• Usury and Poverty: A Case Study of the Post-Rabbinic Moment in Midrash and Piyyut

    Author(s):
    Amit Gvaryahu (see profile)
    Date:
    2021
    Group(s):
    Late Antiquity, New Testament, Textual Scholarship
    Item Type:
    Article
    Tag(s):
    Poverty, wealth inequality, piyyut, Talmud, Midrash, and Rabbinics
    Permanent URL:
    http://dx.doi.org/10.17613/ya0f-wh70
    Abstract:
    The Hebrew Bible prohibits lending at interest. This is usually linked to care for the poor. A similar connection is found in post-biblical literature as well. In Deut 23:20–21, however, usury is disconnected from the poverty laws. Classical rabbinic literature (second to sixth centuries) follows Deuteronomy in sharply de-coupling usury from poverty: the usury prohibition in that corpus regulates commerce and property, and is not intended to benefit the poor. In a sharp break with classical rabbinic tradition, the usury prohibition is reassociated with the poor in piyyut and in the Tanhuma midrashim, two late antique genres of Jewish literature associated but not entirely contiguous with classical rabbinic literature. Both genres bring this tradition to the fore through the use of earlier rabbinic materials, which do not espouse it. This combination of usury and care for the poor mirrors fourth-century Christian writings on usury.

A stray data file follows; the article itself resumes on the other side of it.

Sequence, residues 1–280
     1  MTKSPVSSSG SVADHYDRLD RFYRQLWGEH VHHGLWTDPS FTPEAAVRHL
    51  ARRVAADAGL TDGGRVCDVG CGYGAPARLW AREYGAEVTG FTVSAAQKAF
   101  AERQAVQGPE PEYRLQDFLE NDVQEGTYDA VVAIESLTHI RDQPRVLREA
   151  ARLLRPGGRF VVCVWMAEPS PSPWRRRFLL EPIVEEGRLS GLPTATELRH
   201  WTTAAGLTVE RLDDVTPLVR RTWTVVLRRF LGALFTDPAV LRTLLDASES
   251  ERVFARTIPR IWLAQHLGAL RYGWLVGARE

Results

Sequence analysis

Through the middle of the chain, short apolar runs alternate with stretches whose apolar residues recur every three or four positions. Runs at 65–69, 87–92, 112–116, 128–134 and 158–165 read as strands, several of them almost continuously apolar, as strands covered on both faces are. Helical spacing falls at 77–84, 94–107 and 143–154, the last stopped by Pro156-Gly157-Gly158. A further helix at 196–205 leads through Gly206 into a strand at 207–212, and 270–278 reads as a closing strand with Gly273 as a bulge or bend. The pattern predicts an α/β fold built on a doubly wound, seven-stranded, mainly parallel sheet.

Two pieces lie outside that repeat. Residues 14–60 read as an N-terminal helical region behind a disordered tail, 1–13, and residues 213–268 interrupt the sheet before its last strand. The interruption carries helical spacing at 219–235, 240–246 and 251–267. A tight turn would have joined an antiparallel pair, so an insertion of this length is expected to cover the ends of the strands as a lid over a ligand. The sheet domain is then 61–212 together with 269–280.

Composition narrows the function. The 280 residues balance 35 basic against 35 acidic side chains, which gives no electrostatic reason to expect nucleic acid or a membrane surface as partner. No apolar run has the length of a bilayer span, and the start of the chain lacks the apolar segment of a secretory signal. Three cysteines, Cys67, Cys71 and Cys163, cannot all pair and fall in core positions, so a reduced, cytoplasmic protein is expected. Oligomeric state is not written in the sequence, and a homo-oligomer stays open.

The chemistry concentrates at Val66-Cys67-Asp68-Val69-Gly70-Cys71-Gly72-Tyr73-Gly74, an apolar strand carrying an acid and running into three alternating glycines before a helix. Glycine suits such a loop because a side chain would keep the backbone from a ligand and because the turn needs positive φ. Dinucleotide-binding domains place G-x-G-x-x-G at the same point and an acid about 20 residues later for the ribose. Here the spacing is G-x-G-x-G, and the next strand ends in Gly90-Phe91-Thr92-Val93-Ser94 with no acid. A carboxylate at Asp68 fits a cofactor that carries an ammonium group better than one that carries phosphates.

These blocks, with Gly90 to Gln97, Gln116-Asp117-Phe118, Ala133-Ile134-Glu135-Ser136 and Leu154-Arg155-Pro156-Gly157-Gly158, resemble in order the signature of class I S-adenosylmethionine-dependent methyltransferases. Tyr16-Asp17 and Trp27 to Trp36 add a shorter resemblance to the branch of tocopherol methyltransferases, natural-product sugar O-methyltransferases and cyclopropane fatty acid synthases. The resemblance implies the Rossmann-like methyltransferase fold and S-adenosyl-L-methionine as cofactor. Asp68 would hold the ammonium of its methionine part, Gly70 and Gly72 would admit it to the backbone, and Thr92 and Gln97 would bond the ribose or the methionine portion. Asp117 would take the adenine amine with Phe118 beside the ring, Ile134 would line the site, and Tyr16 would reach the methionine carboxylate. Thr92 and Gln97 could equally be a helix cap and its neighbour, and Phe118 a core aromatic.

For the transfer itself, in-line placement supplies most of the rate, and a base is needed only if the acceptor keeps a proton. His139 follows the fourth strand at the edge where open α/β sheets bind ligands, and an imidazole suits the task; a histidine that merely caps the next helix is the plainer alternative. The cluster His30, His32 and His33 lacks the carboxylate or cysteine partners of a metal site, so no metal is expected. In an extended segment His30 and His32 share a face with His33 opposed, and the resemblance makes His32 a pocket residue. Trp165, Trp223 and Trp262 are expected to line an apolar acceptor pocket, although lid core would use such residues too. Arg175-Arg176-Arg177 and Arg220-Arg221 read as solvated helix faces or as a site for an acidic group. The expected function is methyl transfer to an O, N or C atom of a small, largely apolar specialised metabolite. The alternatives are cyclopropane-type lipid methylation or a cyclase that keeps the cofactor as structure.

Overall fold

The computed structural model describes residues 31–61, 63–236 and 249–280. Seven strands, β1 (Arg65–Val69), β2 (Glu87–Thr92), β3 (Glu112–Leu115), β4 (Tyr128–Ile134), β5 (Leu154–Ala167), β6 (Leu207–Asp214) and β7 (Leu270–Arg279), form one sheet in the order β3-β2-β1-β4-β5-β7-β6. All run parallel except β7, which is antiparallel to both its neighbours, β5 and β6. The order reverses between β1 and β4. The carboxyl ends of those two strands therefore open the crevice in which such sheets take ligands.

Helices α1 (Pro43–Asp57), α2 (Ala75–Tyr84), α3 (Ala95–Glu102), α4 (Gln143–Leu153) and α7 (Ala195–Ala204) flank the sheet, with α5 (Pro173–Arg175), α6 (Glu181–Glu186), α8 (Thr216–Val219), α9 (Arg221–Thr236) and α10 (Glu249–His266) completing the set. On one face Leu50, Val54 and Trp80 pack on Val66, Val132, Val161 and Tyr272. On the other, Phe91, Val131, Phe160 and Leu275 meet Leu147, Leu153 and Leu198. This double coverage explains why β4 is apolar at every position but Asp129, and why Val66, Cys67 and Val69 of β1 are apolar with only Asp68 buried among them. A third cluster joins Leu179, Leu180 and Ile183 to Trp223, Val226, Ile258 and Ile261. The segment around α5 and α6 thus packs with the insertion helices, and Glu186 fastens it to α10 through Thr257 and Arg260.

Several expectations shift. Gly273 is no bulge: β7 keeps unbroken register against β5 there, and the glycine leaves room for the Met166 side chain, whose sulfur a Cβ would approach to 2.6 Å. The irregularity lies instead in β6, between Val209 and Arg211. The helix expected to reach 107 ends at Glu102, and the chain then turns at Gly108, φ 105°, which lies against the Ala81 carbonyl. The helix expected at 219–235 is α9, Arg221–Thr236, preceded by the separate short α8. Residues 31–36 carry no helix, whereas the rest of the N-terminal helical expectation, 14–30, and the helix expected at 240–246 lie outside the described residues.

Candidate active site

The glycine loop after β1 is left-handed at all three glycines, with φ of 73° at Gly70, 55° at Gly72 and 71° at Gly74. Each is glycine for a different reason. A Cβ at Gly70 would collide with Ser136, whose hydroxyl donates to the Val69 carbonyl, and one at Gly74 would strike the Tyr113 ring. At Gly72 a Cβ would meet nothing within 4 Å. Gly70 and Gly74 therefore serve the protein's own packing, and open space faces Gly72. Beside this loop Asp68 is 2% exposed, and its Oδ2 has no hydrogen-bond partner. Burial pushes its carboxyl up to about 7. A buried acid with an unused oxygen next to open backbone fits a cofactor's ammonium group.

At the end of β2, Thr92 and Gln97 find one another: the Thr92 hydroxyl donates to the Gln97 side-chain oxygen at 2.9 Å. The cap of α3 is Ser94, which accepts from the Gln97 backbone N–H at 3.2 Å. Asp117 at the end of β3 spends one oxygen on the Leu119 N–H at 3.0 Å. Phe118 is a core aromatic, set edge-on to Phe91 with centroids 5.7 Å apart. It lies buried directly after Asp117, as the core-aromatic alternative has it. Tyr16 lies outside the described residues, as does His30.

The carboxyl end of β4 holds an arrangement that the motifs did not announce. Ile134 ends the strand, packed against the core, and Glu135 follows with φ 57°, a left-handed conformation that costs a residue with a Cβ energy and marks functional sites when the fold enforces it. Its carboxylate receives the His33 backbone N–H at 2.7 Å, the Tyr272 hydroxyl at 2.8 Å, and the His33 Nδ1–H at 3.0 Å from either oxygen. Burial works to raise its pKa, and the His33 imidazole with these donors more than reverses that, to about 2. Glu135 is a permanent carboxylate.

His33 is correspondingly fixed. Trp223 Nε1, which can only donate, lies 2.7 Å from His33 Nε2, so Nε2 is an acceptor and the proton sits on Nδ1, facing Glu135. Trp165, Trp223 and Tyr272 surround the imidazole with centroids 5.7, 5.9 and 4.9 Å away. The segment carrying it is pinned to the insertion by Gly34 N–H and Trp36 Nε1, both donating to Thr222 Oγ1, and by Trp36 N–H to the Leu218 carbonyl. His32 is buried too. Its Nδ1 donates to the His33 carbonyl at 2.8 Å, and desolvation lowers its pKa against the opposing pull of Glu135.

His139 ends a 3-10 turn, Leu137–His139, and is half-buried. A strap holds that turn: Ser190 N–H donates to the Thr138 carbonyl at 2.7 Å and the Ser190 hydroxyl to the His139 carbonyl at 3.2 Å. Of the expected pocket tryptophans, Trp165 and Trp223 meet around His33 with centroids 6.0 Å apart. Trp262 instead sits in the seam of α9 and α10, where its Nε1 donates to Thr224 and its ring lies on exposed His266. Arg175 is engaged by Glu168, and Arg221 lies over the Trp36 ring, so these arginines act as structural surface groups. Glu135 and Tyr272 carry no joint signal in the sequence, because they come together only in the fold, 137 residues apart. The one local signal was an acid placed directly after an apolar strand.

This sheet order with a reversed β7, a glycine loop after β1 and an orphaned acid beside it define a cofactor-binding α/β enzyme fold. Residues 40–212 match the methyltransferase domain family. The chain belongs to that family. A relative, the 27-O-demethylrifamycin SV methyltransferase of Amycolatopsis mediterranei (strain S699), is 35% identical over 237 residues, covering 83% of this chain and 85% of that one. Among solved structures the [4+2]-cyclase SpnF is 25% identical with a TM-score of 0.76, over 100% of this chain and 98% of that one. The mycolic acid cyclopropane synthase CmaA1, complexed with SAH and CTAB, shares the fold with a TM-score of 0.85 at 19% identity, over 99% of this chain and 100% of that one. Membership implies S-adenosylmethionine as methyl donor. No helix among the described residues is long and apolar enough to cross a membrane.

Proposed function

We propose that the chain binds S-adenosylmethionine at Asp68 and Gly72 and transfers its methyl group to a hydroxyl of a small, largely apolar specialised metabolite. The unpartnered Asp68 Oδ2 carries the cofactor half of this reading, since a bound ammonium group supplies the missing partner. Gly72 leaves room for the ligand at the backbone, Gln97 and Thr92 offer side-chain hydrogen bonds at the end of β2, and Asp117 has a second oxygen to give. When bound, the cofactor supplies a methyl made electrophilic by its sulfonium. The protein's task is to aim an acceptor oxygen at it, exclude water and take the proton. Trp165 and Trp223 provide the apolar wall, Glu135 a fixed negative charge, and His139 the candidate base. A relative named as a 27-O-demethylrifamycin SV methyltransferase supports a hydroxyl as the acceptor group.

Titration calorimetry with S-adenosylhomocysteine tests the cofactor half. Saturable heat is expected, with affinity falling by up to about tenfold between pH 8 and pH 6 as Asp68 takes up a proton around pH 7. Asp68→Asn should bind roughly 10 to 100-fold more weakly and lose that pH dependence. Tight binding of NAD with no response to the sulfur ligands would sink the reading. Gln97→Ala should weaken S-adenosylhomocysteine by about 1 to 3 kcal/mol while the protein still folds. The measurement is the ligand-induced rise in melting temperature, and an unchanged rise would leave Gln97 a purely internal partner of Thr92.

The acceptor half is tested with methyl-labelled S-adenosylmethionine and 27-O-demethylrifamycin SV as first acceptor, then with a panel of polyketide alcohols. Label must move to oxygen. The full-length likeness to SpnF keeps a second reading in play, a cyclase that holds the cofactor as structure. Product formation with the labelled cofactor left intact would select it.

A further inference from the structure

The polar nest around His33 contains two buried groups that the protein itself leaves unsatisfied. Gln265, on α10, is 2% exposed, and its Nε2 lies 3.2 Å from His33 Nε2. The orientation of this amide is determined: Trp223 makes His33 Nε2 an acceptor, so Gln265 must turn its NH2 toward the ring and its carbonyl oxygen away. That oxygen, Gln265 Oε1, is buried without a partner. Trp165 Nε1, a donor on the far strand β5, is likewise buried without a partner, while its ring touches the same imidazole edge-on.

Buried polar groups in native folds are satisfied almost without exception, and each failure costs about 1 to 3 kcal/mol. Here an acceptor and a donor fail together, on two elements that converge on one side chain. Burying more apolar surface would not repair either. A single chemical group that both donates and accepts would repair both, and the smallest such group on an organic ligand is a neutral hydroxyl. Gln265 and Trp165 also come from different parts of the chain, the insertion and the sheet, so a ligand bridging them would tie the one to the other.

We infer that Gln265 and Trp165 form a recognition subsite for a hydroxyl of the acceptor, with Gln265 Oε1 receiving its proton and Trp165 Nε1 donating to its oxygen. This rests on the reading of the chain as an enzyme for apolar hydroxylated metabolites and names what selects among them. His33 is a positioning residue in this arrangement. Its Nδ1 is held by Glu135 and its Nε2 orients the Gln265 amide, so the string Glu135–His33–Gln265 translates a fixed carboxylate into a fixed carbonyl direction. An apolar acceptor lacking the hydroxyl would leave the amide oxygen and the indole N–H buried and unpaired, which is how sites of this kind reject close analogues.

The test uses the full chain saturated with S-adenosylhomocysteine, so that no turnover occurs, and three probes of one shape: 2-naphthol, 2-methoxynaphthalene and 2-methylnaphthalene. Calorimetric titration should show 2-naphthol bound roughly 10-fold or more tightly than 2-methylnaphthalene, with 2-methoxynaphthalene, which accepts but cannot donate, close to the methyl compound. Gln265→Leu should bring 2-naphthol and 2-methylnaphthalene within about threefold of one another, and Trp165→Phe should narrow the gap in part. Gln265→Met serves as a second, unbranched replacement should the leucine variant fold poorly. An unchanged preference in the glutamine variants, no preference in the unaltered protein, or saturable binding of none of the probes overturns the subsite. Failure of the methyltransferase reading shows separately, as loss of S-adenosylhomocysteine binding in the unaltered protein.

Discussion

Metadata:
    Published as:
    Journal article    
    Status:
    Scheduled
    Last Updated:
    2 years ago
    License:
    All Rights Reserved

    This item will be available for download beginning 01/31/2023